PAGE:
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Revista de biología marina y oceanografía

versión On-line ISSN 0718-1957

Rev. biol. mar. oceanogr. v.44 n.1 Valparaíso abr. 2009

http://dx.doi.org/10.4067/S0718-19572009000100020 

Revista de Biología Marina y Oceanografía 44(1): 197-201, abril de 2009

ARTICULOS

The contents of Cd, Cu, Pb and Zn of the white shrimp Litopenaeus vannamei (Boone, 1931) of six coastal lagoons of Sinaloa, NW Mexico

Contenido de Cd, Cu, Pb y Zn en el camarón blanco Litopenaeus vannamei (Boone, 1931) de seis lagunas costeras de Sinaloa, NW de México

 

Martín G. Frías-Espericueta1, Isidro Osuna-López1, Domenico Voltolina2, Marco A. Beltrán-Velarde1, Gildardo Izaguirre-Fierro1, Gabriel López-López1, Maria D. Muy-Rangel3 and Werner Rubio-Carrasco3

1Environmental Studies Laboratory, Faculty of Marine Sciences, Autonomous University of Sinaloa,P.O. Box 1132, Mazatlán 82000, Sinaloa, Mexico.
2UAS-CIBNOR Laboratory, Center of Biological Research of the North West, P.O. Box 1132, Mazatlán Sinaloa, Mexico.
3CIAD, Research Center for Food and Development, Culiacán Unit, P.O. Box 32-A, Culiacán 80129, Sinaloa, Mexico.
voltolin04@cibnor.mx


RESUMEN

El camarón Litopenaeus vannamei es la especial más importante en la pesquería tradicional de las lagunas costeras del estado de Sinaloa (NW de México), y la mayoría de sus capturas son consumidas localmente. Estas lagunas reciben grandes volúmenes de efluentes agrícolas, industriales y urbanos, por lo cual el consumo del camarón podría representar un riesgo para la salud humana. El contenido medio de Cd, Cu, Pb y Zn en el hepatopáncreas de las capturas comerciales en seis lagunas de Sinaloa fue mayor que su respectivo valor en el músculo; no se observó una correlación entre el contenido de Cd, Cu y Pb de los dos tejidos (P>0,1); en el caso de Zn la correlación resultó significativa con un bajo nivel de probabilidad (P≤0,05). La concentración en el músculo del camarón fue similar o menor que la determinada en capturas comerciales de otros crustáceos en otras regiones. Con base en estos resultados, el consumo de los camarones locales no constituye un riesgo para la salud humana.

Palabras clave: Metales pesados, crustáceos, consumo humano.


ABSTRACT

Litopenaeus vannamei is the most important shrimp species in the traditional fishery of the coastal lagoons of the State of Sinaloa (NW Mexico), and most of the landings are consumed locally. Since these lagoons receive important volumes of agricultural, industrial and urban effluents, consumption of this shrimp could pose risks to human health. The mean content of Cd, Cu, Pb and Zn determined in the hepatopancreas of shrimp from commercial landings from six lagoons of Sinaloa were higher than those of the muscle. There was a weak correlation between the Zn content of the two tissues (P≤0.05) and the correlations were not significant for Cd, Cu and Pb (P>0.1). The concentrations found in the shrimp muscle were comparable or lower than those determined in commercial landings of different crustaceans from other geographic areas. According to our results the consumption of local shrimp poses no risks to human health.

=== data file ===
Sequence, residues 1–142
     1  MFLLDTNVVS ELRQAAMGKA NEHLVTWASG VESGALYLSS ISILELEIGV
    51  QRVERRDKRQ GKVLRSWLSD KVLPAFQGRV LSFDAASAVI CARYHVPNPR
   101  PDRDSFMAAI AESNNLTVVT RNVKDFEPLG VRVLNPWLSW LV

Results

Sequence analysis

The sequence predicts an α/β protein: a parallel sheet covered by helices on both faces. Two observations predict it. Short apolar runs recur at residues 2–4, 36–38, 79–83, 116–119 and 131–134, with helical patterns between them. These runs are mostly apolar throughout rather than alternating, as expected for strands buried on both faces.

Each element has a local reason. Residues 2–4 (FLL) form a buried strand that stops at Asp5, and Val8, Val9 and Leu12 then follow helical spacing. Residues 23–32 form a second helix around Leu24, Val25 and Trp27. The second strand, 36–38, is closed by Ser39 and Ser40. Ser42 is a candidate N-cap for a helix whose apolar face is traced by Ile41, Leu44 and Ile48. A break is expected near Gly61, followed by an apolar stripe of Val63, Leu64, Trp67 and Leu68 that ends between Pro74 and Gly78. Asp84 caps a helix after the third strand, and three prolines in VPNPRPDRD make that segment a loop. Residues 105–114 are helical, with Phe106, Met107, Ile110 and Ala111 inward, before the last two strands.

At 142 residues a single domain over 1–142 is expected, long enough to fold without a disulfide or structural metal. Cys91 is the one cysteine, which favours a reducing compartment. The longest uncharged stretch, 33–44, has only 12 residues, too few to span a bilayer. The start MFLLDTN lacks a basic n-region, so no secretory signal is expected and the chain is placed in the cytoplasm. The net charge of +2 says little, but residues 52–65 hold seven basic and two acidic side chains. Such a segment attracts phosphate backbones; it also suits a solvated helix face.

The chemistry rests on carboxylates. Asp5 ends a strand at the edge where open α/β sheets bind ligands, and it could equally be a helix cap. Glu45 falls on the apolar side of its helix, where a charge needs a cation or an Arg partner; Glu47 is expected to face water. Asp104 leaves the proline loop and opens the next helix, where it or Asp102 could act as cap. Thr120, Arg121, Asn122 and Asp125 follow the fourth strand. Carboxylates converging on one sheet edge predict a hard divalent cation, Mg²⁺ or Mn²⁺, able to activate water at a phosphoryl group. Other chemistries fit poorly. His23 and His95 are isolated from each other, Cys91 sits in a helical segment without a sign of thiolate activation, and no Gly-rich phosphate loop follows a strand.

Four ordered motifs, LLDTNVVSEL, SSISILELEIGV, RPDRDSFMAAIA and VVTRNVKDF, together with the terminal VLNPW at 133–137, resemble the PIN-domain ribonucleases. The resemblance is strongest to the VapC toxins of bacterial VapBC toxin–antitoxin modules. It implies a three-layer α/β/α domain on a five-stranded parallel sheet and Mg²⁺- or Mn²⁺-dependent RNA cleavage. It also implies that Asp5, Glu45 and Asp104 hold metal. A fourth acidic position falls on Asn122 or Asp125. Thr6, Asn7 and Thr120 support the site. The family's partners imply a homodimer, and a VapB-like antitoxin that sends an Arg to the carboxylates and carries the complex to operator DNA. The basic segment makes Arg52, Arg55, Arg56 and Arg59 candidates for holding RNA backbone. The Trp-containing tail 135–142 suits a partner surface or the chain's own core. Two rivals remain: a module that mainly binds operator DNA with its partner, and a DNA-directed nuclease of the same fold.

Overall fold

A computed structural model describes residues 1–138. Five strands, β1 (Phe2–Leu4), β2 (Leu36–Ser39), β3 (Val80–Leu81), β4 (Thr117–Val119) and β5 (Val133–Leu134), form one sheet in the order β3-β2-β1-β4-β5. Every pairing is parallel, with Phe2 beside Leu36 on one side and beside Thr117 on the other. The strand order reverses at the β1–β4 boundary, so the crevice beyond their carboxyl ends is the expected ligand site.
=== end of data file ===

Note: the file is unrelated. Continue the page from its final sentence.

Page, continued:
Key words: Heavy metals, crustaceans, human consumption.


 

INTRODUCTION

The state of Sinaloa (NW Mexico) has 600,000 ha of agricultural land, mostly dedicated to intensive, highly mechanized cultures that drain into its coastal waters and lagoons (SAGARPA 2007), and these effluents are important sources of several heavy metals. Additional sources of metals are industrial, municipal and aquaculture effluents, which may cause an increase of the metal contents of the sediments (Green-Ruiz & Páez-Osuna 2003, Frías-Espericueta et al. 2004) and of aquatic organisms (Páez-Osuna et al. 2002, Frías-Espericueta et al. 2005).

In this study we evaluated the Cd, Cu, Pb and Zn contents in the hepatopancreas and muscle of the white shrimp Litopenaeus vannamei (Boone, 1931) which, in view of its commercial value and of the volumes landed, is the most important species caught by traditional fishery in several lagoonal systems of Sinaloa. For these reasons, we felt that it was important to evaluate possible health risks for consumers.

MATERIALS AND METHODS

Sampling sites

The most important lagoons among the 40 coastal water systems of the State of Sinaloa are Navachiste (NAV), Santa María-La Reforma (SMR), Altata-Ensenada del Pabellón (AEP), Urías, Huizache-Caimanero (HUC) and Teacapán-Agua Grande (TAG) (Fig. 1). For this reason, these lagoons were chosen for this study.